Apple Crash Detection Starts When People Ride Roller Coasters: WSJ

  • Apple recently introduced bug detection for the iPhone 14 and Apple Watch. It is supposed to detect when users are in an accident and help them reach emergency services.
  • However, he seems to be overreacting in some cases.
  • Collision detection calls 911 when users take roller coaster rides, the WSJ and Coaster101 report.

Apple’s new collision detection feature is supposed to be triggered in life-threatening situations, but apparently it’s also triggered by something far less serious: roller coasters.

The feature, which works on the new iPhone 14 and Apple Watches, is supposed to detect serious traffic accidents and help users reach emergency services.

But roller coaster rides are wrong, according to the Wall Street Journal and theme park news site Coaster101.

Sara White, a 39-year-old dentist, told the Journal that her iPhone 14 Pro automatically called 911 when she went on Mystic Timbers, a 109-foot-tall roller coaster at Kings Island Amusement Park in Ohio. The ride reaches speeds of up to 53 miles per hour.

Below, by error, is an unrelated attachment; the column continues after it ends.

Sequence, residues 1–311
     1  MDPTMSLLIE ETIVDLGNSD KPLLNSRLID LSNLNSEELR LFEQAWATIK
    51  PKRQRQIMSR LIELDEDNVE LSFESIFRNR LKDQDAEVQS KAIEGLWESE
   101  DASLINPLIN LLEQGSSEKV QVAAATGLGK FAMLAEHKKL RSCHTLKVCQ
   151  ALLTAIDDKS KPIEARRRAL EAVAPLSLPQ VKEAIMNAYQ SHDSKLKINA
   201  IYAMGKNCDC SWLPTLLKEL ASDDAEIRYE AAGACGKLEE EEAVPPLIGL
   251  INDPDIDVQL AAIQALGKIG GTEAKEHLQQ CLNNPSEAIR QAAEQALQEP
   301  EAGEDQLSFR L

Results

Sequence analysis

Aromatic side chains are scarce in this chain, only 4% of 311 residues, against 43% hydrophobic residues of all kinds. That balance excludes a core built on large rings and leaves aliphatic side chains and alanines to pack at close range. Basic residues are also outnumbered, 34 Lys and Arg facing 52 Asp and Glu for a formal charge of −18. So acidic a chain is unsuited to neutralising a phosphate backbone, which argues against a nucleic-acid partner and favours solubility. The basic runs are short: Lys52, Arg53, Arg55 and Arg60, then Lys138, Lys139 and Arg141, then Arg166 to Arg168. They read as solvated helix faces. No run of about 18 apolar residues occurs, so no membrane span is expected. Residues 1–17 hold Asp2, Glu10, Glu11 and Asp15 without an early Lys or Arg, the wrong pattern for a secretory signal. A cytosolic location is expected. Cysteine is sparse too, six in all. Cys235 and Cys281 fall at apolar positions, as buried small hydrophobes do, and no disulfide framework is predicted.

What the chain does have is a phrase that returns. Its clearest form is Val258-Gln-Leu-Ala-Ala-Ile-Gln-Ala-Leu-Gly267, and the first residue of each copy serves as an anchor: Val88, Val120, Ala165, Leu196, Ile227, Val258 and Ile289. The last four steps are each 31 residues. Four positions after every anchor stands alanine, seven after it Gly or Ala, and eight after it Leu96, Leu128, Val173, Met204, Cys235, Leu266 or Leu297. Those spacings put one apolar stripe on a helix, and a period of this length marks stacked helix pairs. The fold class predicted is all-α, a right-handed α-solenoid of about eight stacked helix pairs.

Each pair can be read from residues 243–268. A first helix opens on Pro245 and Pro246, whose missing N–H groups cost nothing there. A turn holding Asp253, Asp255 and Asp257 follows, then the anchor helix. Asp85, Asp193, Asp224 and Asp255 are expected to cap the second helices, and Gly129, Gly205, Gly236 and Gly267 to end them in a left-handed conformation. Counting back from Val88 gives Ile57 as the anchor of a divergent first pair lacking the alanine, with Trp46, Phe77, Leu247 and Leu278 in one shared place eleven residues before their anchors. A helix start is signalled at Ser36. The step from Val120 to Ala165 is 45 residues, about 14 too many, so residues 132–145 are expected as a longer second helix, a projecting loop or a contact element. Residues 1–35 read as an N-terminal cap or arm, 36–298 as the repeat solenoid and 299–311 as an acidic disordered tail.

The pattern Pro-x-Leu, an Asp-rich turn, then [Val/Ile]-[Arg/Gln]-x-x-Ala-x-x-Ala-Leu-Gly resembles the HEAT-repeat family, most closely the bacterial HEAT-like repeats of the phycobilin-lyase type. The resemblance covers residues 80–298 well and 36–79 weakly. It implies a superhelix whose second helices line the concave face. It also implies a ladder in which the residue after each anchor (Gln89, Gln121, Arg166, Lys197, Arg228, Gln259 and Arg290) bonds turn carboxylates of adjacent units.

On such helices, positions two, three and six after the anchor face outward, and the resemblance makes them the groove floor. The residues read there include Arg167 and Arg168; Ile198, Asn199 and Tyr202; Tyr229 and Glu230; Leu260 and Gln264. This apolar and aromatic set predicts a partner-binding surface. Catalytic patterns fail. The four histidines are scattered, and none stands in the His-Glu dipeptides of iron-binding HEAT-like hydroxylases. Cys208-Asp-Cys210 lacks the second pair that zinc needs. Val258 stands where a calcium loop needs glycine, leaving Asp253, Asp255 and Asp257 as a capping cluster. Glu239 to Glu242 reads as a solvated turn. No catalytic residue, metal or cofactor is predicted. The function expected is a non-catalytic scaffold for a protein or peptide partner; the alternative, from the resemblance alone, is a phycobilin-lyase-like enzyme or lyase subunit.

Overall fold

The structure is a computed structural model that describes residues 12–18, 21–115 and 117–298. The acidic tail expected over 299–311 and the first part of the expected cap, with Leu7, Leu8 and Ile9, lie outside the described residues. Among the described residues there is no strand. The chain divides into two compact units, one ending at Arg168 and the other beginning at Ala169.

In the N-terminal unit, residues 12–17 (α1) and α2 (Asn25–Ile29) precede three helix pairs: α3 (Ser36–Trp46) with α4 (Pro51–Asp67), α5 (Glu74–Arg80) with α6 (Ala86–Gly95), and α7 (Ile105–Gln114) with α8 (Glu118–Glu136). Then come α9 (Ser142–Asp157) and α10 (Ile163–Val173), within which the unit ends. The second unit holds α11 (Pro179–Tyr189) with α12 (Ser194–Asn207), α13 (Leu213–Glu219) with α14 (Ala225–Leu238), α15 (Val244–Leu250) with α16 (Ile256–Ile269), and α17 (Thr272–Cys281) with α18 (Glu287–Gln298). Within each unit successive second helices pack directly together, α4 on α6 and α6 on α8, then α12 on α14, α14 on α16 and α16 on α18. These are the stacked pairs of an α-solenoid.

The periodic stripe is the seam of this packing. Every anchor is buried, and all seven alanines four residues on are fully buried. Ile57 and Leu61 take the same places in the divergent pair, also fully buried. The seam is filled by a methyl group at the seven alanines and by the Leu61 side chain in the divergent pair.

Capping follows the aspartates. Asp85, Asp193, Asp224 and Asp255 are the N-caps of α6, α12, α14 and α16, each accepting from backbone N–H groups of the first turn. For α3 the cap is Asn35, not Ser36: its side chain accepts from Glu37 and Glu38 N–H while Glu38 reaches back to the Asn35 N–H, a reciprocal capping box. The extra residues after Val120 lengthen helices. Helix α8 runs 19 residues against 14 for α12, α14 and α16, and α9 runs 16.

“The owner of this iPhone was in a serious car accident and is not answering his phone,” says an automated voice in the 911 call, before also providing latitude and longitude coordinates. Screams from others on the ride can be heard in the background of the call.

Emergency services responded to the park but saw no such incident, according to a 911 report cited by the magazine.

The Warren County Communications Center, which received the call, gave the Journal six such recordings of unnecessary collision detection calls it received, prompted by rides on Kings Island.

An Apple spokesperson told the Journal that the feature is “extremely accurate at detecting serious accidents” and will continue to improve over time.

This isn’t just happening on Kings Island. The website Coaster101.com reported that the Dollywood amusement park has posted warning signs on two of its high-octane rides.

“Cell phones and other devices are not to be brought into any attraction,” the signs read. “Due to the dynamic traffic you will encounter on this route, Apple Watches and similar devices may activate the emergency call feature. To prevent your device from inadvertently calling 911, turn it off or turn on Airplane mode.”

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